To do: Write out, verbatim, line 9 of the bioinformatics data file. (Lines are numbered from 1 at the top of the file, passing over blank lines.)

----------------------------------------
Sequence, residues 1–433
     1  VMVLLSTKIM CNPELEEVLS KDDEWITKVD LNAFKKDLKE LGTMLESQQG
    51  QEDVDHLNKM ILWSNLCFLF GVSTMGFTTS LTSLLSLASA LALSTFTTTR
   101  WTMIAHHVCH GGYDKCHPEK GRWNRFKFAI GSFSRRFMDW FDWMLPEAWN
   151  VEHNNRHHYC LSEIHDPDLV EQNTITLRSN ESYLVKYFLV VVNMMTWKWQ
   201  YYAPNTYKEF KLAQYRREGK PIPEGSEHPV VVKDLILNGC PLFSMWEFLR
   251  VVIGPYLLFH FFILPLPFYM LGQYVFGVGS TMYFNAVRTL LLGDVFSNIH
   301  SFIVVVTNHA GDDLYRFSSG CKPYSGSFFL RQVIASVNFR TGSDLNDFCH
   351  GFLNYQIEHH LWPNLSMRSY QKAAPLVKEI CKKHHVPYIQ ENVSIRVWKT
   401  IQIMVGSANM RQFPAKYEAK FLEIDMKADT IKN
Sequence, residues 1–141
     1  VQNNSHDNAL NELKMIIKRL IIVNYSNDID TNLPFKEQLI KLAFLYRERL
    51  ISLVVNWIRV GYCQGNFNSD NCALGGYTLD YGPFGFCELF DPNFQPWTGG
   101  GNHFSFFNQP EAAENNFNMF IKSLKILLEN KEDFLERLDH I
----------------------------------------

   351  GFLNYQIEHH LWPNLSMRSY QKAAPLVKEI CKKHHVPYIQ ENVSIRVWKT